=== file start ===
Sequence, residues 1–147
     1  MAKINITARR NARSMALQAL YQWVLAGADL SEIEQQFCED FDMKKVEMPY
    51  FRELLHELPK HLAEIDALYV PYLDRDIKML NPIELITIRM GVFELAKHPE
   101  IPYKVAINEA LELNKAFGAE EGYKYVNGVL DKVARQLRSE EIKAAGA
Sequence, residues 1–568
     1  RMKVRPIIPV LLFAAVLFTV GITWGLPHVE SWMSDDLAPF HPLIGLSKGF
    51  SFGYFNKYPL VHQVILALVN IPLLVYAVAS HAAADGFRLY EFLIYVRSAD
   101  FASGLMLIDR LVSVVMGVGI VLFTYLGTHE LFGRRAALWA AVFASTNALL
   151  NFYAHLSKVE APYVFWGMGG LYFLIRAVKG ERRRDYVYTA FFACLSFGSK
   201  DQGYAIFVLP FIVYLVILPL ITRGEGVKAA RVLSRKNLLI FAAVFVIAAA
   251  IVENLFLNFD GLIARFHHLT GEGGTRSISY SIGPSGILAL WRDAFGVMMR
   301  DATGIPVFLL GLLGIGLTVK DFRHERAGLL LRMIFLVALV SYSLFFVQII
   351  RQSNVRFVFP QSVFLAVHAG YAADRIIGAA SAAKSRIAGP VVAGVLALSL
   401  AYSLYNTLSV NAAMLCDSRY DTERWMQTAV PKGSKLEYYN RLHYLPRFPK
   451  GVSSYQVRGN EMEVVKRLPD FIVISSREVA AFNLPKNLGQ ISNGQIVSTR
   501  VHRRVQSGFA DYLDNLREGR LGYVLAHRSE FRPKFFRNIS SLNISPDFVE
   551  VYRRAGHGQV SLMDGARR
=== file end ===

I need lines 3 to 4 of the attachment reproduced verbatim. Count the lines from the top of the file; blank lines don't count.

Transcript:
    51  FRELLHELPK HLAEIDALYV PYLDRDIKML NPIELITIRM GVFELAKHPE
   101  IPYKVAINEA LELNKAFGAE EGYKYVNGVL DKVARQLRSE EIKAAGA